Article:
Westmoreland Addition

Building atop the geometry of a double gambrel roof for a new third floor Master Suite required testing various geometries to find the right way to reconcile the slopes and structure. The solution came via the decision to capture both morning and evening light through the creation of east and west facing clerestory windows.

Morning light is drawn into the space with the angled geometry of the sloped ceiling. The shed profile on the south side, with a window that faces downtown Toronto and captures a view of the CN Tower, morphs into a gable roof on the north side by angling the clerestory window into the space to bring light to the centre of the room.  This twist of geometry also allows for a skylight to be tucked over the stair, flooding light to the space below. The effect is one of sleeping in the treetops and an inversion of the dark Victorian spaces below.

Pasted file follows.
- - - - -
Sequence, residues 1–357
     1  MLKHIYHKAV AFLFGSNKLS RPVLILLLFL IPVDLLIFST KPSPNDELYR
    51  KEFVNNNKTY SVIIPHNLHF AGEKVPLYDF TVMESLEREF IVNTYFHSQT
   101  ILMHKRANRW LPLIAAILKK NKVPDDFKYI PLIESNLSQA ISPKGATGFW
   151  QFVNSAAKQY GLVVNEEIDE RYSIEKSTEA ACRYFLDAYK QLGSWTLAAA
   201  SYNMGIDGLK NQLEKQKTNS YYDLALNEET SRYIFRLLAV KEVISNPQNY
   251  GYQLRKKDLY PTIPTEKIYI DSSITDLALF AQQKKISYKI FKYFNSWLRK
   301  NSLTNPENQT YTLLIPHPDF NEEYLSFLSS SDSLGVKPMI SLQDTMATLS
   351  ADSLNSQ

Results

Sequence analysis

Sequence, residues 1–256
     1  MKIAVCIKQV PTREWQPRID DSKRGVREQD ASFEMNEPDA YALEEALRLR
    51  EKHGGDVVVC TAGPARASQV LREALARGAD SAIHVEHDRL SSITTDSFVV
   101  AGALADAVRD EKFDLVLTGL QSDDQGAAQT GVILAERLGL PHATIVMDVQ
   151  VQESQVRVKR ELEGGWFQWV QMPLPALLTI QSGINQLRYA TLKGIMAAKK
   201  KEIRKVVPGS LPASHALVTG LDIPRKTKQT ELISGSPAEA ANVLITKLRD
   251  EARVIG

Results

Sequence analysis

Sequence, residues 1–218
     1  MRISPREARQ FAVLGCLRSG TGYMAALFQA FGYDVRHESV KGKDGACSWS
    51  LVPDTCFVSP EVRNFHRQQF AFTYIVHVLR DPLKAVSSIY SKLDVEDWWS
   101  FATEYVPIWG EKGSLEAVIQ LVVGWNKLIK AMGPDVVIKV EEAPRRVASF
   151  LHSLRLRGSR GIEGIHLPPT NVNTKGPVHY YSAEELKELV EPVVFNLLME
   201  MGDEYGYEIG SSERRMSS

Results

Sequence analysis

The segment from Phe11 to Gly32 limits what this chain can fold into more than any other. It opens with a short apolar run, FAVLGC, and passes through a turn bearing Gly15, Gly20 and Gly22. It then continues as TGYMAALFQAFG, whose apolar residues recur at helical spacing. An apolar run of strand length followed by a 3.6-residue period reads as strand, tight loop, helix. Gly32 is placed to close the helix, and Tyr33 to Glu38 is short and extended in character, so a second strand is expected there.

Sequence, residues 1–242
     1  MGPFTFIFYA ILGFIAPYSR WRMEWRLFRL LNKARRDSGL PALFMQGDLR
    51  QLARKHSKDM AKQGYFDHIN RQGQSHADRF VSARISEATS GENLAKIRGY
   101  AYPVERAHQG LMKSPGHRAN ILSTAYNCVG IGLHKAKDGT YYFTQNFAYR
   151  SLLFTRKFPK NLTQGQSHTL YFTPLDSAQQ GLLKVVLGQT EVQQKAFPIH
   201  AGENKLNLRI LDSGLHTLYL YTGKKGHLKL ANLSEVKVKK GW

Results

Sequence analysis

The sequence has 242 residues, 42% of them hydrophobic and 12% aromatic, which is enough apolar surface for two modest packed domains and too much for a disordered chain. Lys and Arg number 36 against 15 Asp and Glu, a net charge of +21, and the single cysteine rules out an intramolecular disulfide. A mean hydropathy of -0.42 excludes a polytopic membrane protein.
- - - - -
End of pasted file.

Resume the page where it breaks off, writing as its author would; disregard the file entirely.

Building atop the geometry of a double gambrel roof for a new third floor Master Suite required testing various geometries to find the right way to reconcile the slopes and structure. The solution came via the decision to capture both morning and evening light through the creation of east and west facing clerestory windows.

A project completed by Williamson Chong